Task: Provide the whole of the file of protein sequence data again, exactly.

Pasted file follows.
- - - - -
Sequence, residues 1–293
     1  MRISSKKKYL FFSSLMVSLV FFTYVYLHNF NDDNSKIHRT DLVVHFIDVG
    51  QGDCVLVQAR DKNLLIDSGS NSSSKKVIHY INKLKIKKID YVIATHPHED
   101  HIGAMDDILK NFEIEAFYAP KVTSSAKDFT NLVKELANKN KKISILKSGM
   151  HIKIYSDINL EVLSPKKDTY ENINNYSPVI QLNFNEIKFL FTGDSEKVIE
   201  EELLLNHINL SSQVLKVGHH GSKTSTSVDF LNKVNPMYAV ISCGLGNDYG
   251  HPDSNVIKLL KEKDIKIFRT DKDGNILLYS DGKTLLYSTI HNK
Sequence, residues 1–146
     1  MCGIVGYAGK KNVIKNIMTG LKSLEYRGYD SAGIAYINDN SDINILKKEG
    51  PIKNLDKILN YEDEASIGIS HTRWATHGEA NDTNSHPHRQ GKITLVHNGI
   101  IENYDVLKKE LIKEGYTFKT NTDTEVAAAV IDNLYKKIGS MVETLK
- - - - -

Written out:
Sequence, residues 1–293
     1  MRISSKKKYL FFSSLMVSLV FFTYVYLHNF NDDNSKIHRT DLVVHFIDVG
    51  QGDCVLVQAR DKNLLIDSGS NSSSKKVIHY INKLKIKKID YVIATHPHED
   101  HIGAMDDILK NFEIEAFYAP KVTSSAKDFT NLVKELANKN KKISILKSGM
   151  HIKIYSDINL EVLSPKKDTY ENINNYSPVI QLNFNEIKFL FTGDSEKVIE
   201  EELLLNHINL SSQVLKVGHH GSKTSTSVDF LNKVNPMYAV ISCGLGNDYG
   251  HPDSNVIKLL KEKDIKIFRT DKDGNILLYS DGKTLLYSTI HNK
Sequence, residues 1–146
     1  MCGIVGYAGK KNVIKNIMTG LKSLEYRGYD SAGIAYINDN SDINILKKEG
    51  PIKNLDKILN YEDEASIGIS HTRWATHGEA NDTNSHPHRQ GKITLVHNGI
   101  IENYDVLKKE LIKEGYTFKT NTDTEVAAAV IDNLYKKIGS MVETLK